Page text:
What does a typical working day look like for you?

First things first, I always have to start my working day with another cup of tea.  We then have a team meeting, one for LFA and one for PR Dispatch, to go through the action list for that day and talk through any projects that need extra attention. Then I often sit down with the team individually to go through specific tasks or I may have a client meeting, either downstairs in the bar or at a client’s office.

Lunch is provided by our co-working space daily so is usually a salad bowl from the restaurant that I eat whilst tackling my emails in the garden and Milo has a mid-day run around.

Admin tasks tend to take up most of my afternoon; so paying bills, liaising with new clients, contracts, direct debits, etc. The admin-based jobs are still mainly done by me so I am pretty involved in every aspect from managing team moral to paying salaries.

I leave the office at around 6pm with the rest of the team; we work a 9-6 work day Monday to Thursday and then have a half day every Friday. I usually go home for dinner with my husband, out for drinks with some friends or I could be hosting an event for PR Dispatch, so my evenings can be just as varied as my days.

How do you manage your daily time between both companies?

I have to try and split my time as equally as possible between LFA and PR Dispatch, which is easier said than done, but I just can’t have specific days for each company as, in PR especially, you never know what each day will bring. Usually I have to switch between the two companies throughout the day, depending on what emails come in and what deadlines we are working towards.

What is the most challenging part of running two companies simultaneously?

The biggest struggle for me is also one of the reasons I manage to get through it all. For a long time, it was just me at LFA so as I took on more people, delegating became a big challenge for me to overcome.

When you are so used to doing everything yourself, and you are very aware of how much is relying upon each company’s success, it can be hard to let go and trust someone else to take control. It was an on-going challenge to overcome when I only had LFA but by the time I decided that PR Dispatch was a viable idea that I was going to pursue as well, I knew I didn’t have much choice but to let go of certain things.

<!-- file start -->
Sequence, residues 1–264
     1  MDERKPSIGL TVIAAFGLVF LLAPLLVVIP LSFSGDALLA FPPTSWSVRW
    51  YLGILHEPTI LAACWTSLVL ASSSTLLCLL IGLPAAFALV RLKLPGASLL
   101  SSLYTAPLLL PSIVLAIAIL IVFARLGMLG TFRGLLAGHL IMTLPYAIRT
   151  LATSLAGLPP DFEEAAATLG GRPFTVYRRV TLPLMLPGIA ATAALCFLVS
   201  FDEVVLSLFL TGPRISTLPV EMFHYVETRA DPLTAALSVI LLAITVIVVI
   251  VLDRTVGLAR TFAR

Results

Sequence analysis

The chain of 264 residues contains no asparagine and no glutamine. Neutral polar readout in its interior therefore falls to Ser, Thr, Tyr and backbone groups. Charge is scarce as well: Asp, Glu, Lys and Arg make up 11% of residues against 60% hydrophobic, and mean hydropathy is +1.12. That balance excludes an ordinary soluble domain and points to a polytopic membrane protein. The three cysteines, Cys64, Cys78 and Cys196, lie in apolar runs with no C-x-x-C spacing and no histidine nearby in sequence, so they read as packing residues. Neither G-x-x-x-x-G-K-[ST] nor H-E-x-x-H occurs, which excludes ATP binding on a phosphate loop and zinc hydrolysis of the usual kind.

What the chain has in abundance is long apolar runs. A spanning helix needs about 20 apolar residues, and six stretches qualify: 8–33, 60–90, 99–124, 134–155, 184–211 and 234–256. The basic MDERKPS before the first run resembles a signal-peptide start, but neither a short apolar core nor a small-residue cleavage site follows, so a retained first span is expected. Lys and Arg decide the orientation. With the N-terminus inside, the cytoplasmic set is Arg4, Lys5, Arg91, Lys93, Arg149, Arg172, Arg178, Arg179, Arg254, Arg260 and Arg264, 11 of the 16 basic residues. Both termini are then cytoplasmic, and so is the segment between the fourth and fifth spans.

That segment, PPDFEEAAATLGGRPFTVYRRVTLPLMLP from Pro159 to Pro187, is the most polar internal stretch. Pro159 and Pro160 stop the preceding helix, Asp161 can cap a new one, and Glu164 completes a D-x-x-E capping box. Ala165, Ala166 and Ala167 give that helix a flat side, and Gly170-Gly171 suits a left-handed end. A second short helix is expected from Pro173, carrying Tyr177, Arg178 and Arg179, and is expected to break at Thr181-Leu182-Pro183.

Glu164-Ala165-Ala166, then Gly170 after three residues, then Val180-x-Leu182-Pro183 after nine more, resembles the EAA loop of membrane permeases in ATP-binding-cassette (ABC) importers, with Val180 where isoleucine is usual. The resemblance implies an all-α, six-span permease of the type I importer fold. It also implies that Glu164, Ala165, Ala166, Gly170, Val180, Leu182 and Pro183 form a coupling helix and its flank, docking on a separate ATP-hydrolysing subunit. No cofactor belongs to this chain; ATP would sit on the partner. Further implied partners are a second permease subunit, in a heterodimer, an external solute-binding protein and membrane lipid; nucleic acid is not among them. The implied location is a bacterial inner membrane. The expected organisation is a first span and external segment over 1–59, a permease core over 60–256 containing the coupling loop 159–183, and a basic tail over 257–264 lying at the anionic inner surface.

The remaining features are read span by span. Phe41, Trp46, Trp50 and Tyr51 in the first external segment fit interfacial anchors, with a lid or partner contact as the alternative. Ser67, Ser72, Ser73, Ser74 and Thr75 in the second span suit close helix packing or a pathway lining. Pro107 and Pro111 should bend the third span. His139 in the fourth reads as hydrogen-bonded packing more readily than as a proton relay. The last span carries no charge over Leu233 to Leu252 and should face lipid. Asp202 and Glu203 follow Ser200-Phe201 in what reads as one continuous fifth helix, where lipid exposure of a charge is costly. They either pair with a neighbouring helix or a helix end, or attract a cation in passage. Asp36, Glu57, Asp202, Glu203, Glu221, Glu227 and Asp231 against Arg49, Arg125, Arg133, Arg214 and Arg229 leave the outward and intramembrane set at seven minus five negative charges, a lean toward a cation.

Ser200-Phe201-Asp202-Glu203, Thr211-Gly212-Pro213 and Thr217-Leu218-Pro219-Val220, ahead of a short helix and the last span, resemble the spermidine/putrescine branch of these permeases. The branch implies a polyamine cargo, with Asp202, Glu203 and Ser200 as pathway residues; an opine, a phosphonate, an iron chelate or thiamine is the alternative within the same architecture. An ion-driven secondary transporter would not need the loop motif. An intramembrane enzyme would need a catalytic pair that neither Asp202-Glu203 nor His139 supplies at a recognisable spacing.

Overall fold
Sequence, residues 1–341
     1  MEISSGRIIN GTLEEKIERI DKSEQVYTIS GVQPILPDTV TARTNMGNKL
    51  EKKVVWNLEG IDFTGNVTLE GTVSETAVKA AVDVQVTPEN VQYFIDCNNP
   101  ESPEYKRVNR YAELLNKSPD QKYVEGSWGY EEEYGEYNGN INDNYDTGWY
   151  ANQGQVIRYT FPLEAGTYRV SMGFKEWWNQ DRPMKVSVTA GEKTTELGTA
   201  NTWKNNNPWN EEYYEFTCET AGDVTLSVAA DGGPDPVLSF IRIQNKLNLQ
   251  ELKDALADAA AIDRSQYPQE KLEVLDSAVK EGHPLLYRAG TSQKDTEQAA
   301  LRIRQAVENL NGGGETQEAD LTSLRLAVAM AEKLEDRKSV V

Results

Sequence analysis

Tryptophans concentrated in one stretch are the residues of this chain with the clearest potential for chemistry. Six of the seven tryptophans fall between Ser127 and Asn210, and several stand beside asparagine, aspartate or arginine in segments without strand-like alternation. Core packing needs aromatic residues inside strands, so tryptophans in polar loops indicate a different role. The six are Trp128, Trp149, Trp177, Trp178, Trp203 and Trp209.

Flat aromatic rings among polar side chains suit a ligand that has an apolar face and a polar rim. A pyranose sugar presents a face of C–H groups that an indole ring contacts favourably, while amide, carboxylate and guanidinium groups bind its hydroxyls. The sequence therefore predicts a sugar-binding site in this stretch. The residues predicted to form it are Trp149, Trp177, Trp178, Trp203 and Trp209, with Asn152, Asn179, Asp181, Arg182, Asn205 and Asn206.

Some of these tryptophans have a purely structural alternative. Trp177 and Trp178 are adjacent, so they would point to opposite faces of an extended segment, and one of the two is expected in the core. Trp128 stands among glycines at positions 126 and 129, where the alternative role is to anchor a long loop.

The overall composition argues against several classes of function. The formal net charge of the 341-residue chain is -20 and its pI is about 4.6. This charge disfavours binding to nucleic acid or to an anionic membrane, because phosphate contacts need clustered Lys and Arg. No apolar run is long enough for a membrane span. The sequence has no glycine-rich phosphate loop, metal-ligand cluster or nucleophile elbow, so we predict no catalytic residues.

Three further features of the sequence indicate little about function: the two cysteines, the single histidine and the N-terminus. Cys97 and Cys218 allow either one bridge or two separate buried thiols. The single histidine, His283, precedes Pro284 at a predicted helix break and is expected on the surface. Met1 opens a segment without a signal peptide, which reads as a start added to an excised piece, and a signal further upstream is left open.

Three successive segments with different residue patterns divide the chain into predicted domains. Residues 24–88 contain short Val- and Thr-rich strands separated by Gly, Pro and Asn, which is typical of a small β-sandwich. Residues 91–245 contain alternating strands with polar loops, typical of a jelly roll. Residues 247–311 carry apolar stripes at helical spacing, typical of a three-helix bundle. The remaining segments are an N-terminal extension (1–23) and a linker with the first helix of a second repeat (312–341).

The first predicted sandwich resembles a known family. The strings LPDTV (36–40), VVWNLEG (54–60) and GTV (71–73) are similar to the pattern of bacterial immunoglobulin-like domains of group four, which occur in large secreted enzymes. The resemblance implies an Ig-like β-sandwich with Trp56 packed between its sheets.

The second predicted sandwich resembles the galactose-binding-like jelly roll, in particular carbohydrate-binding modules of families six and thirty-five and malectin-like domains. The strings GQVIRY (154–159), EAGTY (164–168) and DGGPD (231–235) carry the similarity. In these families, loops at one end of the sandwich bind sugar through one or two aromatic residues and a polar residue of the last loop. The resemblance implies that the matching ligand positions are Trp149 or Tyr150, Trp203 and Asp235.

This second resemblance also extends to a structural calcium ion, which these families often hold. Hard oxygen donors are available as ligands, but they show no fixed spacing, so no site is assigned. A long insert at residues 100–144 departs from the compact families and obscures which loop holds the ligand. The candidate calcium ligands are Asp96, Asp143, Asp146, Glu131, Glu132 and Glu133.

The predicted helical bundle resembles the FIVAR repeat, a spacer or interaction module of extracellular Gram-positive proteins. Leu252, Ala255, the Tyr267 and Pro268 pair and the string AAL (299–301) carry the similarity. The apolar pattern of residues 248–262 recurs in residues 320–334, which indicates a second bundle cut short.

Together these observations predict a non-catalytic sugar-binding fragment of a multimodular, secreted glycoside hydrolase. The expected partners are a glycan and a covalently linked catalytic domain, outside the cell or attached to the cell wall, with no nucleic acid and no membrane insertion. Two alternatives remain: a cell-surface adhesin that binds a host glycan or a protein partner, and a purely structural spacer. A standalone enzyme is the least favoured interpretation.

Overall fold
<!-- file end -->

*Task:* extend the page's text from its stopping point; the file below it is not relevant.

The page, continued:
Over the last few years, I’ve managed to hire an amazing team of people who really know what they’re doing and that I can completely rely upon. Now we’re at the stage where I’m kept in the loop but I know that if I go on holiday or have to have a few sick days, everything will continue to run smoothly and the team will always get the job done, with or without my involvement.

What are the highlights of your role?

With something as time demanding as PR, you have to love it. Not just the big glamorous events but also the day-to-day grind.

Finding new angles and planning new strategies are some of the things that I love to get involved in and it is always so rewarding when you see your plans pay off and brands flourish due to the press we have secured. Whenever a client gets coverage, it is still a big deal in the office; if you ever find us doing a happy dance we’ve probably just had an amazing email and secured a great space for a client.

However, working with the team everyday is probably my biggest highlight. Clichéd I know but collaborating together to grow and evolve the companies is amazing to me and always feels like such an achievement, both professionally and personally. Since the beginning of the year our team has doubled in size and we are offering more services than ever with our PR, marketing and events. Looking back at where we were just 6 months ago is incredible to me.

How did your education or past experiences prepare you for this job?